Duty Free

Travellers to Tanzania do not have to pay duty on 250g tobacco or 200 cigarettes or 50 cigars, 500ml of alcoholic beverages, and 473ml perfume. Restrictions apply to firearms, plants, plant products and fruits.

Visa Info

Entry requirements for Americans

A visa is issued on arrival, and a passport valid for six months from date of entry is required. Visitors must hold return/onward tickets and all documents required for their next destination.

Entry requirements for UK nationals

A visa is issued on arrival, and a passport valid for six months from date of entry is required. Visitors must hold return/onward tickets and all documents required for their next destination. Those with British passports with endorsements other than ‘British Citizen’ should confirm official requirements.

Entry requirements for Canada

A visa is issued on arrival, and a passport valid for six months from date of entry is required. Visitors must hold return/onward tickets and all documents required for their next destination.

Entry requirements for Australians

A visa is issued on arrival, and a passport valid for six months from date of entry is required. Visitors must hold return/onward tickets and all documents required for their next destination.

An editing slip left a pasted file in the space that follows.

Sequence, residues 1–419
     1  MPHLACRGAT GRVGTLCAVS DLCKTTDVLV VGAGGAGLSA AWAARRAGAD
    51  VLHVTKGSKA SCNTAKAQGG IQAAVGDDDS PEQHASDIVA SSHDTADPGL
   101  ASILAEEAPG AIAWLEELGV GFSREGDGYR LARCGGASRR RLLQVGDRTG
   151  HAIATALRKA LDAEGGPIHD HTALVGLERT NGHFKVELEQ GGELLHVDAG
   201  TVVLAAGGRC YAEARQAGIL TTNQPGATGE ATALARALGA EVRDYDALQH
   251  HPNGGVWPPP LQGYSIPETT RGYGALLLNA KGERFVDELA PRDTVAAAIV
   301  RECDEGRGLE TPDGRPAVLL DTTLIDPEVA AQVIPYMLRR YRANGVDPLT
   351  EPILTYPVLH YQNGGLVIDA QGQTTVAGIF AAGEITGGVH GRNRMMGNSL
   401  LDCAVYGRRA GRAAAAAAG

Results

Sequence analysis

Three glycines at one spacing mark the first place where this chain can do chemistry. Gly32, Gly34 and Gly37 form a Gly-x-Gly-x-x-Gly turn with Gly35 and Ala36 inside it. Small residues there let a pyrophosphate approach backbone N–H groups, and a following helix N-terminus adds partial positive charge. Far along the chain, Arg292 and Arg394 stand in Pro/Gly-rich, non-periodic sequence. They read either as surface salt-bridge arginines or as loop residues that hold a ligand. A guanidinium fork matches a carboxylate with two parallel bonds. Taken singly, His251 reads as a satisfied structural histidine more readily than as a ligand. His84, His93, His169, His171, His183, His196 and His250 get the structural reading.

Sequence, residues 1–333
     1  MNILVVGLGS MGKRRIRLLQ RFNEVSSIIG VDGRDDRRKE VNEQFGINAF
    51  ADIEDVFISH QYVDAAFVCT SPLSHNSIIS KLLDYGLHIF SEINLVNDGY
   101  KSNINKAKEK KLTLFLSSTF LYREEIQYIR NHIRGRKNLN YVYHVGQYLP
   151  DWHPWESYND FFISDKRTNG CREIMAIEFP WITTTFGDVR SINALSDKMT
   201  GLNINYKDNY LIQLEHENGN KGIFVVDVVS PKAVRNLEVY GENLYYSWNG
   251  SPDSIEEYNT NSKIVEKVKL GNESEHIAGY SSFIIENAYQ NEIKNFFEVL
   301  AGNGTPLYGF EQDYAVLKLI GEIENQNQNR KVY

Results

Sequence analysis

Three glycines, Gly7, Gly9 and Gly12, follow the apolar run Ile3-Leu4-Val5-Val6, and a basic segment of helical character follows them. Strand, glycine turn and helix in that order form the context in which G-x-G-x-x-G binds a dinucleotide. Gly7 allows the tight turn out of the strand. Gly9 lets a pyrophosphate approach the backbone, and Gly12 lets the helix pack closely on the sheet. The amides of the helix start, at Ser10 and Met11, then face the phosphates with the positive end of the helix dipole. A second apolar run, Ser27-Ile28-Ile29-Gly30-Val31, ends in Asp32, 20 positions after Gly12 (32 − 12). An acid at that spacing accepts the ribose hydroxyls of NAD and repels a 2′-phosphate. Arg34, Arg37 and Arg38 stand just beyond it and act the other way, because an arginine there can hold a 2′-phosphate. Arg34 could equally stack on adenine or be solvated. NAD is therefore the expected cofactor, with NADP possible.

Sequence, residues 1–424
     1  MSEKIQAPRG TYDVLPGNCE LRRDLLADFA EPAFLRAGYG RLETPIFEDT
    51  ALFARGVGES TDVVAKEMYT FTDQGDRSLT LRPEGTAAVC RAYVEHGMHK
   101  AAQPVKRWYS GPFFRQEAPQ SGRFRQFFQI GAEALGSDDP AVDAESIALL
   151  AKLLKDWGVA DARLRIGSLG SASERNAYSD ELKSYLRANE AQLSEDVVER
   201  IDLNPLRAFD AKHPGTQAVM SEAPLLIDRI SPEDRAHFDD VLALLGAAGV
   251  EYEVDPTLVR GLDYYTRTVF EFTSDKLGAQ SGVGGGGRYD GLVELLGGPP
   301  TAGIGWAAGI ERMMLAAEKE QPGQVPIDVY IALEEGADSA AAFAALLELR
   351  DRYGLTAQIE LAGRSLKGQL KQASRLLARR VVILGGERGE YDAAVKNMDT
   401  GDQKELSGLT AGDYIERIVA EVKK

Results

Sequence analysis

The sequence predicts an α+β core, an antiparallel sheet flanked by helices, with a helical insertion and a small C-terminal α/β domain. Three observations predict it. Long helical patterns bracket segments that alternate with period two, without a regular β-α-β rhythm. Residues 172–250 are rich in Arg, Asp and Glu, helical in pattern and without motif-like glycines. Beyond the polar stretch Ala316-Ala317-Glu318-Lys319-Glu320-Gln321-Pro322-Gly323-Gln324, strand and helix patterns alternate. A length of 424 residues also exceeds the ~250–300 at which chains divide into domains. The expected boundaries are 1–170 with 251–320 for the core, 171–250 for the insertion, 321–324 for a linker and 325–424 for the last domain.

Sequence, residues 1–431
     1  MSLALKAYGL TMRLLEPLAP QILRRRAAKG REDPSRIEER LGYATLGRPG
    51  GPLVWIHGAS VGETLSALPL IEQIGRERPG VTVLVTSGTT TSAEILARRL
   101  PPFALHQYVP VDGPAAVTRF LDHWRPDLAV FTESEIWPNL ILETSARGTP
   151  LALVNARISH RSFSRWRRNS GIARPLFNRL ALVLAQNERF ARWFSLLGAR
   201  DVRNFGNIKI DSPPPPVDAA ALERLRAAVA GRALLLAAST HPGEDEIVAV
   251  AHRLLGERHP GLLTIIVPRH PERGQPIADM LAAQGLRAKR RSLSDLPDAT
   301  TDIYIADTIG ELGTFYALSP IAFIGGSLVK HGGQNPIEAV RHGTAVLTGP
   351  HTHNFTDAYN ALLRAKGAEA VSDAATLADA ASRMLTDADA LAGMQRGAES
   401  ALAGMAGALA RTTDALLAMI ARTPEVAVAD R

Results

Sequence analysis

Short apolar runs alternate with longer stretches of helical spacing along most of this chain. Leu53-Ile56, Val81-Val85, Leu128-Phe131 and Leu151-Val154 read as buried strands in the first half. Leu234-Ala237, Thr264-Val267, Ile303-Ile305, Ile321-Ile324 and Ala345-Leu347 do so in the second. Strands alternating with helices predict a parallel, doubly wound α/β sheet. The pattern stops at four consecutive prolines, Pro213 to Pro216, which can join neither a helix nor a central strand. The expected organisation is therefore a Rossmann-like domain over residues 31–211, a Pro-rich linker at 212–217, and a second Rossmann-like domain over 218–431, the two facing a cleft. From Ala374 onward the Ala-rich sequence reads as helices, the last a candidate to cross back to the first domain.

*Entry requirements for South Africans

South Africans do not require a visa if intending to stay for a maximum of up to 90 days, provided that the passport is valid for six months from date of entry. Otherwise a visa is required for longer stays. Visitors must hold return/onward tickets and all documents required for their next destination. Business travellers will be required to pay a fee on arrival.

Entry requirements for New Zealanders

A visa is issued on arrival, and a passport valid for six months from date of entry is required. Visitors must hold return/onward tickets and all documents required for their next destination.

Entry requirements for Irish nationals

A visa is issued on arrival, and a passport valid for six months from date of entry is required. Visitors must hold return/onward tickets and all documents required for their next destination.

Passport/Visa Note

Most visitors entering Tanzania require a visa. Passports must contain one unused visa page. Visitors may obtain a visa on arrival at Dar-es-Salaam or Zanzibar airports, costing between US$ 50 and US$ 200 depending on nationality, payable in cash. All visitors also require proof of sufficient funds and should hold documentation for their return or onward journey. Passports should be valid for at least six months from date of entry. Those arriving from an infected country must hold a yellow fever vaccination certificate. It is highly recommended that passports have at least six months validity remaining after your intended date of departure from your travel destination. Immigration officials often apply different rules to those stated by travel agents and official sources.

Note: Passport and visa requirements are liable to change at short notice. Travellers are advised to check their entry requirements with their embassy or consulate.